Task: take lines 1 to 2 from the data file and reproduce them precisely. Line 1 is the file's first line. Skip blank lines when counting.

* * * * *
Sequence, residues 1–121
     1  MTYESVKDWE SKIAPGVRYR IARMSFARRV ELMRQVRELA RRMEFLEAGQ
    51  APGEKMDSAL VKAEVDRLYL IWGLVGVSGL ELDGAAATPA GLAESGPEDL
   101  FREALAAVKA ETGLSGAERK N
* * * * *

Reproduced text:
Sequence, residues 1–121
     1  MTYESVKDWE SKIAPGVRYR IARMSFARRV ELMRQVRELA RRMEFLEAGQ